By analysing the result vector, it can be found that when the index is summed up with the total evaluation membership degree of 3 and above, the scores of each city are 0.61, 0.665, 0.687, 0.672 and 0.706 respectively. After summing the total evaluation membership degree of 4 and above, the scores of each city are 0.372, 0.427, 0.449, 0.434 and 0.441 respectively. It can be seen that Shantou and Xiamen have the highest overall evaluation and Fuzhou has the lowest score. In general, from the perspective of tourist cognition, it can be observed that the positive evaluation of tourism in the five cities is mostly, with scores above 0.6 for each city and 0.4 for scores above 4, and the highest value is 0.449, which is less than half, indicating that the performance of waterfront ecotourism in service quality is not satisfactory. According to the observation of the membership degree of 2 and below, it can be found that Xiamen and Quanzhou have the lowest proportion of poor evaluation, followed by Shantou. The overall evaluation of Fuzhou is poor, which indicates that the economic aggregate has no obvious help to waterfront ecotourism. The overall evaluation of tourism in Fuzhou city is poor, indicating that the economic aggregate does not guarantee satisfactory waterfront tourism. The membership degree distribution of the five cities has the characteristics of the normal distribution with a mean of 3. Meanwhile, through the analysis of the weight set of indicators, it can be known that among the 11 indicators, Pro-Water Culture (U4) has the most significant impact on the overall tourism industry, followed by Aquatic Ecological Knowledge Sharing (U3). Pro-Water City Brand (U7) and Folkway Support (U10) have the most negligible impact on eco-tourism.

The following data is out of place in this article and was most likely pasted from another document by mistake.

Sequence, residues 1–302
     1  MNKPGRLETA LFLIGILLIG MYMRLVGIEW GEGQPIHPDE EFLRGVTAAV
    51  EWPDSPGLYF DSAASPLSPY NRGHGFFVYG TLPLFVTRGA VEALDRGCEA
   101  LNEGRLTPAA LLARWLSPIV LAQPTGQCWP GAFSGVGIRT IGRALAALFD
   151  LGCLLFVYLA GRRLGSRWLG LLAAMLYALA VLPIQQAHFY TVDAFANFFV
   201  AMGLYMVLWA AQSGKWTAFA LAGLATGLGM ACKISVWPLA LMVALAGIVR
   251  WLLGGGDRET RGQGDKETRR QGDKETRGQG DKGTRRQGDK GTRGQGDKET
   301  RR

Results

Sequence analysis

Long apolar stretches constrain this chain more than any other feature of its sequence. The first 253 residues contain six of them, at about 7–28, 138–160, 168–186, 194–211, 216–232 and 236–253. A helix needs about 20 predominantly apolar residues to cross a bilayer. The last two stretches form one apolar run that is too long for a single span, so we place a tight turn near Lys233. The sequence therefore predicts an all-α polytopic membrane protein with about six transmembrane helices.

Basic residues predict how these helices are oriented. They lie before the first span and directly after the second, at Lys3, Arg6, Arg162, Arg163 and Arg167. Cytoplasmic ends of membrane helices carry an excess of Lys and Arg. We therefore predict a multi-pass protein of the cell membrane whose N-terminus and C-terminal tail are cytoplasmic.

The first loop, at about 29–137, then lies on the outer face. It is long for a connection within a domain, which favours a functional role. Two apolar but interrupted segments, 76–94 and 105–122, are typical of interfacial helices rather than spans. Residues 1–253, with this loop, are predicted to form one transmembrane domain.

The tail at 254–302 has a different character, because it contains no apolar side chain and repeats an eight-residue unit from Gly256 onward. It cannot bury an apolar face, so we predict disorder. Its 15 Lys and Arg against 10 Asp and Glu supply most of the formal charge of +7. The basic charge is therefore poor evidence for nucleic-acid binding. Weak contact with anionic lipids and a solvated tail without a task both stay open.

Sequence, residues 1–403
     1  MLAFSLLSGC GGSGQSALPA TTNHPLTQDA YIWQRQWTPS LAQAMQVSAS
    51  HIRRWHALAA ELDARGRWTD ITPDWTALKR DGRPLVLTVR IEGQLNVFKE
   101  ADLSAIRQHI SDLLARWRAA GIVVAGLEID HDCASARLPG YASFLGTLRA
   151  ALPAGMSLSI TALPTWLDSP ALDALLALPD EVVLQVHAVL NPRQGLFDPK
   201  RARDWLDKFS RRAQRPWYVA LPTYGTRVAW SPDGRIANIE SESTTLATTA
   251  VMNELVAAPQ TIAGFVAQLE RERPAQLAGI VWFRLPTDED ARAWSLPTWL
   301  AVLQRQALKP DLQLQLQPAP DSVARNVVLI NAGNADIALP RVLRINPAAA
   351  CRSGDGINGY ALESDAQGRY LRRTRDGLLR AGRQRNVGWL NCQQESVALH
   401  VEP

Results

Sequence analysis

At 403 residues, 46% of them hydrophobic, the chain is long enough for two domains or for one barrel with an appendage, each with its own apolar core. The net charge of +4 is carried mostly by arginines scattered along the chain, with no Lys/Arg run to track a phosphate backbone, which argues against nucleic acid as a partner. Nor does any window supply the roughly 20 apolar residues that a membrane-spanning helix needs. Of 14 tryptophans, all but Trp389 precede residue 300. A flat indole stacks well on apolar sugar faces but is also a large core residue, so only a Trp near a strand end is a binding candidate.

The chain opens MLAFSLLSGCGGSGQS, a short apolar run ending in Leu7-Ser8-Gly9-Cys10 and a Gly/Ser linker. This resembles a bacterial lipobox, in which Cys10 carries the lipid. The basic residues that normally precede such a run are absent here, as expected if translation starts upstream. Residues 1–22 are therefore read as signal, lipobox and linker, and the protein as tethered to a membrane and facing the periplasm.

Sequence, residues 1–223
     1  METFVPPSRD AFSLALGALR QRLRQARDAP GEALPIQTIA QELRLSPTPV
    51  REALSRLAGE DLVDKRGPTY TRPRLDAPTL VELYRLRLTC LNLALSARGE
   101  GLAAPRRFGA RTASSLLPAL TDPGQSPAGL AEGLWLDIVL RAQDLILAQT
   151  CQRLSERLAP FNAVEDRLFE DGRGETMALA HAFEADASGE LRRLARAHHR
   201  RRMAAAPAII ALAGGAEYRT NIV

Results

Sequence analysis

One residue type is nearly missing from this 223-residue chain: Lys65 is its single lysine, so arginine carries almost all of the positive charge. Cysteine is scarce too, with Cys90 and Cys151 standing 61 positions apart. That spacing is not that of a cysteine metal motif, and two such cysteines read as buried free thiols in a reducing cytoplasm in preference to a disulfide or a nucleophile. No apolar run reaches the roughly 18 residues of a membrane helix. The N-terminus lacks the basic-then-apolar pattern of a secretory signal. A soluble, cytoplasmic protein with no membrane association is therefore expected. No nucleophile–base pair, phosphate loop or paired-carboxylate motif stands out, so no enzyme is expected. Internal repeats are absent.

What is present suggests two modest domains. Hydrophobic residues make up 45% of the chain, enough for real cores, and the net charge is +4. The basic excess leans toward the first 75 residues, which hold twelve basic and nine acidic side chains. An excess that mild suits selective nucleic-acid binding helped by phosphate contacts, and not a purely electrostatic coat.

4 Conclusion

Ecotourism is one of the development directions of tourism in the future. Developing ecotourism in waterfront cities plays an important role in promoting the coordinated and sustainable development of economy, society and environment. At present, waterfront ecotourism is developing rapidly in China, but many tourism project planning is still in the initial stage, especially in the process of development, how to strengthen the publicity of the existing water culture of waterfront cities, while preventing blind development caused by waste and destruction of resources and other problems. The study on the development impact of the five core waterfront tourism cities on the west coast of the Taiwan Straits shows that, in the ecotourism development planning and environmental assessment in coastal areas, it is necessary to consider the dissemination factors of hydrophilic culture as comprehensively as possible, analyze and predict the impact degree and scope of infrastructure and policy support under different circumstances, and take timely environmental protection measures. Make waterfront tourism really sustainable development.